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Middle East petchem industry faces North American competition
By Ashok Dutta
The wider implications of North America’s shale gas boom are
considerable. From a global petrochemical perspective, the
continent’s producers are setting themselves up to compete with
their Middle Eastern counterparts for a larger share of the Asian
The majority of petrochemical products from the Middle East and
North Africa are sold in Asia under various term-supply contracts.
“We have been selling into that market [Asia] for over 30 years,
with China and India being our two largest customers for PE
[poly-ethylene], PP [poly-propylene] and fertilisers,” a former
technical advisor to Qatar’s oil minister, Abdullah Hussain
Sallatt, told Downstream MEA
in a telephone interview from Doha. “With more investments planned
in Saudi Arabia, the UAE and Qatar, we will spare no efforts to
enter deeper and find a permanent footing for our products in
Competition is at hand, however, from producers in North America.
“China is our target market and we need to be there sooner
[rather] than later,” Alberta’s energy minister, Ken Hughes, said
recently at the inaugural session of the Canadian Energy Research
Institute’s (CERI) annual petrochemical conference in the Canadian
province. “We are working towards exporting bitumen and LNG to
Asia and we will now need to add chemicals to that portfolio.”
Hughes’ statement came against the backdrop of an anticipated
return of North America as a competitive supplier of petrochemical
products by 2018-19, when ‘mega’ new facilities are due to be
commissioned in the US.
“We see a reinvigoration of investments in North America, as
companies take advantage of low ethane feedstock prices from the
rapid development of the shale gas industry,” a vice president
with Houston-based IHS Chemical, Mark Eramo, said at the event.
Since March this year, two new mega projects have been announced
in the US.
The first is a petrochemical complex to be built by Shell
Chemical, including PE and mono-ethylene glycol (MEG) units, in
the Appalachian region. The second is a project planned by
ExxonMobil Chemical, which will construct a 1.5 million tonne per
year ethylene plant at its Baytown, Texas, olefins complex and two
PE units, each with a capacity of 650,000 tonnes per year.
Shell and ExxonMobil are joining companies including Dow
Chemical, Chevron Phillips Chemical and Formosa Plastics in
pursuing greenfield projects to expand ethylene and polymers
production in the US. Other companies including Ineos,
LyondellBasell, Williams, Westlake Chemicals and Nova Chemicals of
Canada are planning brownfield expansions, debottlenecks and/or
retrofits to add ethane consumption capacity and increase ethylene
If developed, the proposed expansions would raise US ethylene
production by nearly 10.5 million tonnes per year, Eramo said.
In comparison, by 2018-19 in the Middle East and North Africa,
around 14 million tonnes per year of new capacity will be added
once new projects are commissioned by joint ventures among Saudi
Basic Industries Corp. (Sabic), Abu Dhabi Polymers Company
(Borouge), Sadara Chemical Co., Qatar Petrochemical Co. and the
Qatar Petroleum/Shell Group mega-plant, to name a few.
Although no mega investments are planned in Alberta, the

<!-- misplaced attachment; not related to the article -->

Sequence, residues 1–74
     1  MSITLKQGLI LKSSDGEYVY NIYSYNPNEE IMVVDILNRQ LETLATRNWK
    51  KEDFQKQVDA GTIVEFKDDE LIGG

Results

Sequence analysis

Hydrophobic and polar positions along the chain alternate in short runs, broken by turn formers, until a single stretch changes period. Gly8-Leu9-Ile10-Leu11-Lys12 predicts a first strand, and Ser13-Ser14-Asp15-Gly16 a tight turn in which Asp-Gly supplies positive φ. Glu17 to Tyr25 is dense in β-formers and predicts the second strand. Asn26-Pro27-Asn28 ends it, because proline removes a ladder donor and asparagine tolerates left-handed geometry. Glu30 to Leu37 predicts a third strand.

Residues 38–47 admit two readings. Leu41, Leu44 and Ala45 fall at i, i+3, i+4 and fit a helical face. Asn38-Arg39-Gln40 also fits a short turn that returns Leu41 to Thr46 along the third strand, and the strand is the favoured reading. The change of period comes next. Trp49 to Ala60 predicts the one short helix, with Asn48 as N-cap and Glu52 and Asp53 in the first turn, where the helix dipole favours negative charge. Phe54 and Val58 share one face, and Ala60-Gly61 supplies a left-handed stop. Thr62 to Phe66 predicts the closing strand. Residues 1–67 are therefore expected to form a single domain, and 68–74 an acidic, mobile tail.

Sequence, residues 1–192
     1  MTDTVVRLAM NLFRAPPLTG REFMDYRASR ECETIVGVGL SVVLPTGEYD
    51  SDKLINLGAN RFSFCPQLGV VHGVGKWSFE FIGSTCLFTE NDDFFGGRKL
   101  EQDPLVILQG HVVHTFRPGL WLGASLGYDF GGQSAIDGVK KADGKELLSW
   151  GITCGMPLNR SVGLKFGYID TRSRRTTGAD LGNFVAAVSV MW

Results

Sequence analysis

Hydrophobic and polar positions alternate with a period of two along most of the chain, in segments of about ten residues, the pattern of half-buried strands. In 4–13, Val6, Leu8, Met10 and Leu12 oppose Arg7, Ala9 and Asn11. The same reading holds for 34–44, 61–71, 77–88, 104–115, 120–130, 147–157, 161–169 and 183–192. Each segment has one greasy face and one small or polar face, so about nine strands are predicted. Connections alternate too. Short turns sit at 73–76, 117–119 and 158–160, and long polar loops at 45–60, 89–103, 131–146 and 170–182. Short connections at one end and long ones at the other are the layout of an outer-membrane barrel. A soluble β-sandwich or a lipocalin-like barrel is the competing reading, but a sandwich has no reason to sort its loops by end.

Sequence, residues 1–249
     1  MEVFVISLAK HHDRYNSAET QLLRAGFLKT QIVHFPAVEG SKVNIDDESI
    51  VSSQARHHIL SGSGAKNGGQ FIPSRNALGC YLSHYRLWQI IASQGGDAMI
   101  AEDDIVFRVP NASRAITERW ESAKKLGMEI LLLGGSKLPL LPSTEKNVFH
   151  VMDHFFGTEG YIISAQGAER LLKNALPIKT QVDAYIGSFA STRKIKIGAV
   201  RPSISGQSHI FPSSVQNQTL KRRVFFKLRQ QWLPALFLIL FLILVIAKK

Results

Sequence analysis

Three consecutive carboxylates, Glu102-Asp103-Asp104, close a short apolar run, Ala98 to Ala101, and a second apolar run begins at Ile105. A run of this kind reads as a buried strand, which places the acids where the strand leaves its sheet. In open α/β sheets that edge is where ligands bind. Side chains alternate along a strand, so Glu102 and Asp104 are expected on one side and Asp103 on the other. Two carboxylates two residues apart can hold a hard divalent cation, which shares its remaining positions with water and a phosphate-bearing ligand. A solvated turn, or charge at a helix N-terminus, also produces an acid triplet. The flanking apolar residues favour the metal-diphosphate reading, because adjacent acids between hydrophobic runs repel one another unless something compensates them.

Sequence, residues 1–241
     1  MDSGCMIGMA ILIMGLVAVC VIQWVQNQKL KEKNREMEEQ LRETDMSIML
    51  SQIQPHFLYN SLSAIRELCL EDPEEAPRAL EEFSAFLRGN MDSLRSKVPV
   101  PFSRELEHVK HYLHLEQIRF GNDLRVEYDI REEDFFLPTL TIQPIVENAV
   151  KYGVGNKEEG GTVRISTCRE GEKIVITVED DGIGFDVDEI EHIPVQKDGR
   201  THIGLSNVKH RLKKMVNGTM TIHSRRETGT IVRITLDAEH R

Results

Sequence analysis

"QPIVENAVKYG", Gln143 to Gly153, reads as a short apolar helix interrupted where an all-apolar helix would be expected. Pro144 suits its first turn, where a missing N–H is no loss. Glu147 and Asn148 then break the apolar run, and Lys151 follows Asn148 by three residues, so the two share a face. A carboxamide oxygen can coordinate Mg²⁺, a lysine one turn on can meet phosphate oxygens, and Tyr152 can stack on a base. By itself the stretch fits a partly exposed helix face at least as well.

provincial government will initiate efforts to overcome the
challenges of making available ethane and natural gas liquids
(NGL) feedstock at ‘competitive’ prices.
“We will be more engaged, pragmatic and do all that is necessary
to provide ethane feedstock for petrochemical producers. One of
our biggest new sources will be offgas [a mixture of ethane,
propane and pentane] from the bitumen and heavy oil upgraders,”
Middle East progress
In the Middle East, onsite construction work is under way at the
Sadara project in Saudi Arabia – which will produce over 3 million
tonnes per year of 26 specialist chemicals from three multi-feed
crackers. Meanwhile, earlier this year, Shell signed a heads of
agreement (HoA) with Qatar Petroleum to develop a petrochemicals
plant at Ras Laffan at an estimated cost of US$6.4 billion.
The agreement set out the scope and commercial framework of the
project, which would include a steam cracker and a MEG plant with
a capacity of 1.5 million tonnes per year. The complex will be
designed to produce 300,000 tonnes per year of linear alpha
olefins as well.
“We have been holding discussions for [a long time] with
ExxonMobil, Total and Shell for the facility, as there is a
growing demand in Asia and the Far East for such exotic products.
The Shell project signals our entry into the next generation of
chemical products,” Sallatt said.
More downstream project activity is also planned by Qatar
In February this year, Qatar Petroleum put pen to paper on another
HoA with Qapco to develop a new mega petrochemical complex at Ras
The complex will include a world-scale steam cracker and will
produce 1.4 million tonnes per year of ethylene, 850,000 tonnes
per year of high-density polyethylene (HDPE), 430,000 tonnes per
year of linear low-density polyethylene, 760,000 tonnes per year
of polypropylene and 83,000 tonnes per year of butadiene. The
project is scheduled for completion in 2018.
“Undoubtedly, the Middle East will always be ahead of the game,
but there is still a chance of competition from North American
producers,” a managing consultant with Calgary-based Purvin &
Gertz, Gerry Goobie, said. “[The] delivered price of chemicals
into Asia will be a deciding factor.”